Supporters of Independents and smaller parties are also against the treaty, with a large proportion undecided, while Green Party voters are in favour by a margin of two to one.
In regional terms, the fact the two sides are neck and neck in Dublin will be a boost to the No campaign. In other regions there is a wider margin in favour of Yes, but undecided voters are the biggest category in every region except Munster.
The campaigns waged by both sides – and the ability of the political parties to deliver their supporters on polling day –will be crucial to the outcome. It will take a huge commitment by the Coalition parties to get their voters out to support the treaty, and the same will apply to Sinn Féin on the No side.
The strongest opposition to the treaty is among the DE social category in which Sinn Féin consistently scores best.
In this group, 31 per cent say they will vote No and 15 per cent Yes, while 41 per cent are undecided and 13 per cent say they will not vote.
If the No side is to defeat the treaty it will have to ensure a big turnout among DE voters, who traditionally do not vote in as large numbers as people from better-off backgrounds. The strength of the Sinn Féin campaign and that of the smaller left-wing parties and Independents will be crucial in getting a big turnout.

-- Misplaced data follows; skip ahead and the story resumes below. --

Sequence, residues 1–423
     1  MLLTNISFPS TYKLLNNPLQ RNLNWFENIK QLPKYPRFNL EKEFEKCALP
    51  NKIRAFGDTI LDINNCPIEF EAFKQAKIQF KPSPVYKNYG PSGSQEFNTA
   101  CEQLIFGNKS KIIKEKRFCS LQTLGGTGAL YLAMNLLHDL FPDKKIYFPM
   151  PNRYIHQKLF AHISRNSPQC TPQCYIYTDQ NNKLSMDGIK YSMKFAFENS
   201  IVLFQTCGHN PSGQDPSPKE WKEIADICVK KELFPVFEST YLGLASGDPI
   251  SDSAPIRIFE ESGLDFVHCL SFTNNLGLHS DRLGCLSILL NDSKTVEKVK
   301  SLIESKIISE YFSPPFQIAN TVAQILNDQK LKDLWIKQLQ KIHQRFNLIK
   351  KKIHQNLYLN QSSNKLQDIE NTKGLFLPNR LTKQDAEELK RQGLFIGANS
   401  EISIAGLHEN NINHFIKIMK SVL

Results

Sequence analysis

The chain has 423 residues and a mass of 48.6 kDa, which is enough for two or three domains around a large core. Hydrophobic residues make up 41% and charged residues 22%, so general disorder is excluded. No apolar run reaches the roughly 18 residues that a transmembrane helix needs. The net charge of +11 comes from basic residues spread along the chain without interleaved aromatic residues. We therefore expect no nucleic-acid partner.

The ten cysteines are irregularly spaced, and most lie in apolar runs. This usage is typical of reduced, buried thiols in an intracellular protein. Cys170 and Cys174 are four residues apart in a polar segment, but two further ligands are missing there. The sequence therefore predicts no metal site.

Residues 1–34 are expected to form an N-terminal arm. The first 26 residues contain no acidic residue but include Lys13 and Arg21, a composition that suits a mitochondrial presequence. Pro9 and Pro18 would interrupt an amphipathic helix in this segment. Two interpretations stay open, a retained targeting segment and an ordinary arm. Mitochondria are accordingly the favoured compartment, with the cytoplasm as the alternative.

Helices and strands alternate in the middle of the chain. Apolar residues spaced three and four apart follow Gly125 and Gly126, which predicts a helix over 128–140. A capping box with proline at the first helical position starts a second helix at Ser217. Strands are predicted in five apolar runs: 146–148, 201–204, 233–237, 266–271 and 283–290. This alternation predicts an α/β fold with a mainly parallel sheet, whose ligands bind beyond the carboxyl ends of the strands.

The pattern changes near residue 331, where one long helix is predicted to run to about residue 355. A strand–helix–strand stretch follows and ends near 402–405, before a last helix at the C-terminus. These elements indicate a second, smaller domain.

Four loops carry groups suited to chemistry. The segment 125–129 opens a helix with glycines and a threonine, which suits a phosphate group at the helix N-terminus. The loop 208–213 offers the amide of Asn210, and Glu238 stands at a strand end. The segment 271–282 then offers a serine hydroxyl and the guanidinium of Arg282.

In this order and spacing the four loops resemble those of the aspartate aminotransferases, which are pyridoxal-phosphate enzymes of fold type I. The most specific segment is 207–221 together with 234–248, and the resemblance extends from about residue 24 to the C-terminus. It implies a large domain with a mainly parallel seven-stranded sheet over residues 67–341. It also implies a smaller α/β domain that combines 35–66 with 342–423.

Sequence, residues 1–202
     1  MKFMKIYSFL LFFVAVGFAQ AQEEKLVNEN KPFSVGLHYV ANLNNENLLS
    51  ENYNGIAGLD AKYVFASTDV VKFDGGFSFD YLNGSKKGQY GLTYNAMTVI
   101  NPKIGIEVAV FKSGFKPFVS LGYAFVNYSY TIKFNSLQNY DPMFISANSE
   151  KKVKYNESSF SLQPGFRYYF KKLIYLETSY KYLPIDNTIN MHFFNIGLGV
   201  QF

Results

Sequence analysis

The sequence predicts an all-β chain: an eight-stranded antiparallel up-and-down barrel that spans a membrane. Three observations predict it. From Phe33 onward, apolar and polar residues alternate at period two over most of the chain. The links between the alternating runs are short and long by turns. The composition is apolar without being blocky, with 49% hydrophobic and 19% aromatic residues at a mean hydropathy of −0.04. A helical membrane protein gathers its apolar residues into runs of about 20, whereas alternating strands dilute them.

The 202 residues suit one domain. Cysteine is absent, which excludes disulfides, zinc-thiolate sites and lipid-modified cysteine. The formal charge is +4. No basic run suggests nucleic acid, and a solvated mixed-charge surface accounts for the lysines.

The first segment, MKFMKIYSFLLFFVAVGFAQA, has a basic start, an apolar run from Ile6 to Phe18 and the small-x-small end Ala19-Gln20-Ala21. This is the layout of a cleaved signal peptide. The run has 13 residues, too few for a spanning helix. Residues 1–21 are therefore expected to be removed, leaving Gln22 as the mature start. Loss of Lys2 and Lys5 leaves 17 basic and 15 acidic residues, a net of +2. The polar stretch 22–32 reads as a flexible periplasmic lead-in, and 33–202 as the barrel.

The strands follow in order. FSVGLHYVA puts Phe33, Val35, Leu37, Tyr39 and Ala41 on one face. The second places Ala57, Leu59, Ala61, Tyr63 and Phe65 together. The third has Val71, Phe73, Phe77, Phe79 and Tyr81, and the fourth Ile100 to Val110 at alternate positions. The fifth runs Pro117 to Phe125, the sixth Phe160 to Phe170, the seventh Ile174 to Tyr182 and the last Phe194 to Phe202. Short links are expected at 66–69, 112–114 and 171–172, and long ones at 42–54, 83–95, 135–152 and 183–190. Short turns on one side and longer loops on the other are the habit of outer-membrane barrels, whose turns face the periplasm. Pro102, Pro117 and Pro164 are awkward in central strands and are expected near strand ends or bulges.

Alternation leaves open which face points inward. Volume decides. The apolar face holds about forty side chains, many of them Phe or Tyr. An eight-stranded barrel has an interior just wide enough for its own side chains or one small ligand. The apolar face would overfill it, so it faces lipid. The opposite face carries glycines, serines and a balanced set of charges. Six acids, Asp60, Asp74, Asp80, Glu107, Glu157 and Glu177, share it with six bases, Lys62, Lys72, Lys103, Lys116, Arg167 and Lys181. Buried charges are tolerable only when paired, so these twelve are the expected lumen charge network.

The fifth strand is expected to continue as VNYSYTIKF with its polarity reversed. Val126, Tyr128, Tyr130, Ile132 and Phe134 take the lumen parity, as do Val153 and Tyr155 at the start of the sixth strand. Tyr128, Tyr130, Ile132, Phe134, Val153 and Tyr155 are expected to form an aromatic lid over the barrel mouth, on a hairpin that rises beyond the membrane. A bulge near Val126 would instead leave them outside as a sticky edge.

Another finding of the poll which could have a decisive impact on the final outcome is the attitude of the electorate to the prospect of a second EU-IMF bailout.
When asked whether they believed Ireland would need a second bailout when the current aid package came to an end in 2014, 58 per cent said Yes, 24 per cent said No and 18 per cent had no opinion.
The Government has expressed the strong view that a rejection of the treaty will make it more difficult to access bailout funds in the future and will certainly damage the chances of Ireland returning to the financial markets.
To date, this message does not appear to have been absorbed by a large segment of the electorate, going by the poll findings, and it is something that the Yes side will need to explain clearly between now and polling day.
The Yes side also needs to capitalise on the continuing support for Ireland’s involvement in the EU, with 66 per cent of voters saying it is better to be part of the EU and just 22 per cent saying it is not.
On the other hand, the continuing dissatisfaction with the way European leaders are running the EU should come as a help to the No campaign.
This survey was conducted exclusively on behalf of The Irish Times by Ipsos MRBI, among a national quota sample of 1,000 representative of the circa 3.4 million adults aged 18 upwards, covering 100 sampling points throughout all constituencies in the Republic of Ireland.
Personal in-home interviewing took place on April 16th and 17th and the accuracy level is estimated to be approximately plus or minus 3%.
In all respects, the survey was conducted within the guidelines laid down by The Marketing Society of Ireland, and by ESOMAR.
Extracts from the report may be quoted or published on condition that due acknowledgement is given to:
The Irish Times and Ipsos MRBI.